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Author#8217;s roots in Suffolk

Annette Montgomery has always loved Suffolk’s history.

This year, the Norfolk State University archivist turned her fascination with her hometown’s past into a pictorial history, “Black America Series: Suffolk.”

Published by Arcadia Publications, the book provides readers a glimpse into the lives of black residents who lived in Suffolk and the former Nansemond County from the Civil War until the 1960s.

In preparing the book, Montgomery dug through pictures on file in the Library of Virginia, read old newspaper archives and called on local residents to share their family pictures.

Readers will see pictures of Dr. Martin Luther King Jr.’s 1963 visit to Suffolk, where he spoke before a crowd of 7,500 in Peanut Park.

Images of the Fairgrounds, the once vibrant black business district, show a community rich with entrepreneurs, such as Wimpy’s Confectionary, the Silver Slipper Restaurant and the Phoenix Bank of Nansemond.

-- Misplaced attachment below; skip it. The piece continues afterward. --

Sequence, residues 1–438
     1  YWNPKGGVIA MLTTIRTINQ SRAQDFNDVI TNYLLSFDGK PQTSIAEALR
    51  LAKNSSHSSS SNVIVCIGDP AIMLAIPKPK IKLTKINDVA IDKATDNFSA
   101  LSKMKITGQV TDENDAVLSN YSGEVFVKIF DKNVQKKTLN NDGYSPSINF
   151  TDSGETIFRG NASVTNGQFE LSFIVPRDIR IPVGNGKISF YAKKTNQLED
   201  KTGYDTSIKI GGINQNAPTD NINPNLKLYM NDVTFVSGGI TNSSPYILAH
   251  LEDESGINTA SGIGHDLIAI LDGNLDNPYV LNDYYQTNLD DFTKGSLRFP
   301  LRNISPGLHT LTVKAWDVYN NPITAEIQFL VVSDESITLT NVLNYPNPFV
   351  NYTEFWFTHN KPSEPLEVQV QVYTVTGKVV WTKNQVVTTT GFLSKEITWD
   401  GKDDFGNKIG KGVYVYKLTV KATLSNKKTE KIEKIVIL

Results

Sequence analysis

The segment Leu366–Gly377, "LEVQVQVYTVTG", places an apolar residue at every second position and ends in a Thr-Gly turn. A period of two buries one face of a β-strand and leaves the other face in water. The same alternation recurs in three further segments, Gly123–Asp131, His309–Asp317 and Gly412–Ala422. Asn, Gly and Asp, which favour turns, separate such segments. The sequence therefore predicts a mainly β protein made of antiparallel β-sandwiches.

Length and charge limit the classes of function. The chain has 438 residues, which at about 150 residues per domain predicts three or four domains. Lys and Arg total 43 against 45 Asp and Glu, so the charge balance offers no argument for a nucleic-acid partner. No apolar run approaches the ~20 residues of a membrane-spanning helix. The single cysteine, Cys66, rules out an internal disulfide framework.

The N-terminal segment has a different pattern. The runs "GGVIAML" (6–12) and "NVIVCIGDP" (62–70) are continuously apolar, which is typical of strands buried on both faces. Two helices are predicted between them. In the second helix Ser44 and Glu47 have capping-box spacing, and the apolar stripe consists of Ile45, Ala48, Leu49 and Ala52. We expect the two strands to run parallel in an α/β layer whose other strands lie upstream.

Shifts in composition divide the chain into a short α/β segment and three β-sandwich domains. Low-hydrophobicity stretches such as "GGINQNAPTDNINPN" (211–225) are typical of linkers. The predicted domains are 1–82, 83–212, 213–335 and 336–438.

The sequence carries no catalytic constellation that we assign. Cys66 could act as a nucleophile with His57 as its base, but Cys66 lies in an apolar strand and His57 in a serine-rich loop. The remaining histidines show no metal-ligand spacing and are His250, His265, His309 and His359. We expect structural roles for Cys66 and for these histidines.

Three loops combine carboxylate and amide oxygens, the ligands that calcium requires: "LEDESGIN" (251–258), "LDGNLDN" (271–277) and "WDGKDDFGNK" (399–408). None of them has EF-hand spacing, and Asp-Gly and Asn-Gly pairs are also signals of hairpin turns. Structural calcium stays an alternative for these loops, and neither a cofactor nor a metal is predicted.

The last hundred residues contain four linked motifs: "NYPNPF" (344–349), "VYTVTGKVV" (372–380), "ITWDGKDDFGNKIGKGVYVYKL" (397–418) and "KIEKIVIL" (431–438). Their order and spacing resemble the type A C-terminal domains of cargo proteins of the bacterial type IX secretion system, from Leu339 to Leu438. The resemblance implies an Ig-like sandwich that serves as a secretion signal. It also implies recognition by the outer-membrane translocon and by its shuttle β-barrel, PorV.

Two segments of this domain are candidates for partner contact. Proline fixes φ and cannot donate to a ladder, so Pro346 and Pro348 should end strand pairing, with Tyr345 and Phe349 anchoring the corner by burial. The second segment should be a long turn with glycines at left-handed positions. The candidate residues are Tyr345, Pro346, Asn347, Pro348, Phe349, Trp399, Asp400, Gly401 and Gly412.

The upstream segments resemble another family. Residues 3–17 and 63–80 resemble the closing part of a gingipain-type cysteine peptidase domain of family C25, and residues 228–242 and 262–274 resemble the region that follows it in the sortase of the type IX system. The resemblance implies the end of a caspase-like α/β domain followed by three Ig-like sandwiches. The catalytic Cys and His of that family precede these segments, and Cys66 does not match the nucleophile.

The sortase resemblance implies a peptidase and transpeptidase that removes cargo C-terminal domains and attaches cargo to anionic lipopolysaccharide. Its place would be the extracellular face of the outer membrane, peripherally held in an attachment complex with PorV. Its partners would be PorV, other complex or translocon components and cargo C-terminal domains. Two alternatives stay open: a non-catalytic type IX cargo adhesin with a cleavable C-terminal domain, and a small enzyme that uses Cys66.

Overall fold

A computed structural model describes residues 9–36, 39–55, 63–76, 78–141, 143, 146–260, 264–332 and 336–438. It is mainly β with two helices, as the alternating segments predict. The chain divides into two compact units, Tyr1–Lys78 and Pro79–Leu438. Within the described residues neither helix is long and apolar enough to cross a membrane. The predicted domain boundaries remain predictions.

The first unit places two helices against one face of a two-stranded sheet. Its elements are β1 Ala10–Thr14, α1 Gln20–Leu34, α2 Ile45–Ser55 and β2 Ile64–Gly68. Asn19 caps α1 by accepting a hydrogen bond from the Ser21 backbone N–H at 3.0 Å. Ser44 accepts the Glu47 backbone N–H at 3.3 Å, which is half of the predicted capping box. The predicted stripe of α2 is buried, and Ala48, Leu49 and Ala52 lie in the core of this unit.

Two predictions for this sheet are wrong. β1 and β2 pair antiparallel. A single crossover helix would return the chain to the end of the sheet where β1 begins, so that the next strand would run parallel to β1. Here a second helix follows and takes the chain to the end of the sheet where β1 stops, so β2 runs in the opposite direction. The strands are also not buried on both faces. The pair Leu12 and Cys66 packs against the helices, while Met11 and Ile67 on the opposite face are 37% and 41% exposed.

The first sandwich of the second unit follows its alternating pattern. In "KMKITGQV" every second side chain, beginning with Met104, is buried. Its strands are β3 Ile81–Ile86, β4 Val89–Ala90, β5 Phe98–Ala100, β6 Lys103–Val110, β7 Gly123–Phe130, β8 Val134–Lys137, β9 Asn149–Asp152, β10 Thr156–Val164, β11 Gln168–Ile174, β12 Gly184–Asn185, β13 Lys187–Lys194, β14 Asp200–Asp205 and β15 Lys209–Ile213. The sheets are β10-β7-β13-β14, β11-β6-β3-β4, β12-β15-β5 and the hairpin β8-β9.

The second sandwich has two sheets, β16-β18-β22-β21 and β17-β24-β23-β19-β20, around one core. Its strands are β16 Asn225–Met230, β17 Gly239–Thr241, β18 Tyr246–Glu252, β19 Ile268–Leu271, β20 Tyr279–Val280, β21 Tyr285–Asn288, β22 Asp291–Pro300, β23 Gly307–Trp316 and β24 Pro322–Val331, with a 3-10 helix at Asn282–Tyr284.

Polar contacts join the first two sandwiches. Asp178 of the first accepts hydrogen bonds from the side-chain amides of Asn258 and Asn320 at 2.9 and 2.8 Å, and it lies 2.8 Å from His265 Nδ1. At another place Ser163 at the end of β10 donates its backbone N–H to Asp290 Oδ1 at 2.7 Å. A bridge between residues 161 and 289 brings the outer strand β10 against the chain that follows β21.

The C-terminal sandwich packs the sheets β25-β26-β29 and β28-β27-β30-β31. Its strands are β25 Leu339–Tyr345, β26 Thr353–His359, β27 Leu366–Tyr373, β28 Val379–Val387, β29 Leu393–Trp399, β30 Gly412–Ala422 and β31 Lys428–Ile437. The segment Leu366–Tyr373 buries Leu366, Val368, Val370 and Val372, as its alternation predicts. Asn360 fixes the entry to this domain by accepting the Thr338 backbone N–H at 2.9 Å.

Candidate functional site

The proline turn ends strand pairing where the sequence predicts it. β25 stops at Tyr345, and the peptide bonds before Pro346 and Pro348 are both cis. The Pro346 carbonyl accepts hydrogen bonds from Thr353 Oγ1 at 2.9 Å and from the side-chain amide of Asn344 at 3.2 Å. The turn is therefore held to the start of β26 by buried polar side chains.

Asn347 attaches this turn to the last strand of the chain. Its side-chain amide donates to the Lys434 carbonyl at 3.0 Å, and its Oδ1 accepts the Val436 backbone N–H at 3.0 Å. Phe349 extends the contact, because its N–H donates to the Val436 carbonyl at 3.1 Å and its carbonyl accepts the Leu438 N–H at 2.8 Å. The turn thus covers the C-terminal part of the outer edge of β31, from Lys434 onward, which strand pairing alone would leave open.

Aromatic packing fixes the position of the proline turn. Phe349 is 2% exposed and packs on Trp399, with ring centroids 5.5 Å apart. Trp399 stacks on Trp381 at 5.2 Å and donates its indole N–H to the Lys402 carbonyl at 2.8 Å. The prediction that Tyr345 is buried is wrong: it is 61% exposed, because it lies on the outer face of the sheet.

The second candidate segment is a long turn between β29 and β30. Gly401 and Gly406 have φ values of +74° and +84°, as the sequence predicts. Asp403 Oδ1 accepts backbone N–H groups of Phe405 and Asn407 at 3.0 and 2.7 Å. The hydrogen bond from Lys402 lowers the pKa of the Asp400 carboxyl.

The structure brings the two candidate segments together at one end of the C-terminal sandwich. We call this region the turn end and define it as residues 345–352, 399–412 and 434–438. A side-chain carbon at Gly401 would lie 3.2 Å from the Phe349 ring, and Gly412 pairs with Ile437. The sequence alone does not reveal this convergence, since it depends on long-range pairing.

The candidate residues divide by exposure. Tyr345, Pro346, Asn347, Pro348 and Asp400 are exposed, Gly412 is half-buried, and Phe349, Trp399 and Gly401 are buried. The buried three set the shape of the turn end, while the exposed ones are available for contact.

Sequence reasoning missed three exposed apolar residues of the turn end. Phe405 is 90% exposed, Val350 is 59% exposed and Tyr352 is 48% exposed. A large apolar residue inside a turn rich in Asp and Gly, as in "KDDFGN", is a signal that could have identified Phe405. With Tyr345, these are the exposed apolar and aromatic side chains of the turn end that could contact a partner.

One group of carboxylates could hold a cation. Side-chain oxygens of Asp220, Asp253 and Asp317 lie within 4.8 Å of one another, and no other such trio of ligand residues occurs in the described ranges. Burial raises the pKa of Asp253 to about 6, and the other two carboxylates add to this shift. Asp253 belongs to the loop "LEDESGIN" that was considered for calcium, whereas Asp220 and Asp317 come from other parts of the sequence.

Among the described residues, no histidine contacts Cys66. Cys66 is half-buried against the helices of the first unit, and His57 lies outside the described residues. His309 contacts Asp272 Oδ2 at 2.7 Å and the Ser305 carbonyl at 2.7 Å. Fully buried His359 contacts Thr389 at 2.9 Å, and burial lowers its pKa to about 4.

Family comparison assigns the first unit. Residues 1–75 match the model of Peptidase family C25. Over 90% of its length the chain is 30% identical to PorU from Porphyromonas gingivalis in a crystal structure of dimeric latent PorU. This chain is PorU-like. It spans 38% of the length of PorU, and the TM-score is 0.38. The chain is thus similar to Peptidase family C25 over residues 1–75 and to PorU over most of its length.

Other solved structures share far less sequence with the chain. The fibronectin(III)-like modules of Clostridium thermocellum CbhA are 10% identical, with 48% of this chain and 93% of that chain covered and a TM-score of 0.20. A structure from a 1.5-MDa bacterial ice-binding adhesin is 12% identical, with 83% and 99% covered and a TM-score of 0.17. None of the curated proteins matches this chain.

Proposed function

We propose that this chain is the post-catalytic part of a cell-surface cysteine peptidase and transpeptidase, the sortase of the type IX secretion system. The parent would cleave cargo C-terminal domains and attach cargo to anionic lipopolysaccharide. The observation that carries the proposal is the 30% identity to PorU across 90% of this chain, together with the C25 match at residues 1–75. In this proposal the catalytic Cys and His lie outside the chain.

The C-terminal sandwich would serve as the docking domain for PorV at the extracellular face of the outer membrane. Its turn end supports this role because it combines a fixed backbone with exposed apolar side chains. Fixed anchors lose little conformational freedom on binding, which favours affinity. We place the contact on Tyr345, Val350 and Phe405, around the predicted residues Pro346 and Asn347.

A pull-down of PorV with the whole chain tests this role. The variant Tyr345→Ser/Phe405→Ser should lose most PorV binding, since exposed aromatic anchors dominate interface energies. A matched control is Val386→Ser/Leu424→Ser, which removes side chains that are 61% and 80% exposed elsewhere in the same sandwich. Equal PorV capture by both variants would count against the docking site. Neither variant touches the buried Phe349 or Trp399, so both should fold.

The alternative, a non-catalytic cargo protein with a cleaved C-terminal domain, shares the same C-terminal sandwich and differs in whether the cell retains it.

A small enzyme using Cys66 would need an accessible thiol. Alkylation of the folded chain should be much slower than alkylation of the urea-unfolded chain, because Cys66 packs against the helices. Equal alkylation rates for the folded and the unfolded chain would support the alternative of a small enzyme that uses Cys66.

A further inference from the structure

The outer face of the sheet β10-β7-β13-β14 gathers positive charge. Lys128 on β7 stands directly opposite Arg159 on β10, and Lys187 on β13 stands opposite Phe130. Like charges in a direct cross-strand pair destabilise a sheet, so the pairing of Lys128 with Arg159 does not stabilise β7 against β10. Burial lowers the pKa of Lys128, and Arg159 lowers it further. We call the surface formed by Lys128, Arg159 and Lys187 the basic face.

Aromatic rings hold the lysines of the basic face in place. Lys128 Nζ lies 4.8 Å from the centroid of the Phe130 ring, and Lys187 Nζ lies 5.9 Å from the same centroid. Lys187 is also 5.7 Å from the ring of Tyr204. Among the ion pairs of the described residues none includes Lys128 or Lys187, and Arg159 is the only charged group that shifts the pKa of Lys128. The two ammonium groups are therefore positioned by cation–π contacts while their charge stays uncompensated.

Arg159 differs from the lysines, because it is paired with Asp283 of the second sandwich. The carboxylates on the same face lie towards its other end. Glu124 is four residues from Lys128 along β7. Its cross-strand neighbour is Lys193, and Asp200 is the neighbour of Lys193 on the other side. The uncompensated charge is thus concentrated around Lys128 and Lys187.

Other photographs depict memorable moments in individual’s lives n weddings, the annual wrapping of the May Pole at Booker T. Washington School, the emotions in the faces of the first students who integrated into Suffolk Public Schools in 1964.

The book is a slice of Suffolk’s history, Montgomery said.

“This is something I really wanted to do,” said Montgomery. “I particularly enjoyed meeting so many people I had only heard about before.”

Montgomery will be signing copies of her book at the Suffolk Railroad Museum and Train Station from 1-3 p.m. Sunday.